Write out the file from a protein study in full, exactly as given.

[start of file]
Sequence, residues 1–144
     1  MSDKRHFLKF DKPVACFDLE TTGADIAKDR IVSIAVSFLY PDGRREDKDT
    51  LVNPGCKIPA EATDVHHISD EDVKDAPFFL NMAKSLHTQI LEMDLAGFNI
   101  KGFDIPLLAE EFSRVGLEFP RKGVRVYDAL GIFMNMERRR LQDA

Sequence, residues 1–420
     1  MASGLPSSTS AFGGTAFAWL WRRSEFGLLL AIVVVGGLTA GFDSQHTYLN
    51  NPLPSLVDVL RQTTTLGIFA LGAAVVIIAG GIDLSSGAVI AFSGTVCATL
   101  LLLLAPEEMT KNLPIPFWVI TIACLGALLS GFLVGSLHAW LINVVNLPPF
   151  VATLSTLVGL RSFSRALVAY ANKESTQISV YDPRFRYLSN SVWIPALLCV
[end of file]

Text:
Sequence, residues 1–144
     1  MSDKRHFLKF DKPVACFDLE TTGADIAKDR IVSIAVSFLY PDGRREDKDT
    51  LVNPGCKIPA EATDVHHISD EDVKDAPFFL NMAKSLHTQI LEMDLAGFNI
   101  KGFDIPLLAE EFSRVGLEFP RKGVRVYDAL GIFMNMERRR LQDA

Sequence, residues 1–420
     1  MASGLPSSTS AFGGTAFAWL WRRSEFGLLL AIVVVGGLTA GFDSQHTYLN
    51  NPLPSLVDVL RQTTTLGIFA LGAAVVIIAG GIDLSSGAVI AFSGTVCATL
   101  LLLLAPEEMT KNLPIPFWVI TIACLGALLS GFLVGSLHAW LINVVNLPPF
   151  VATLSTLVGL RSFSRALVAY ANKESTQISV YDPRFRYLSN SVWIPALLCV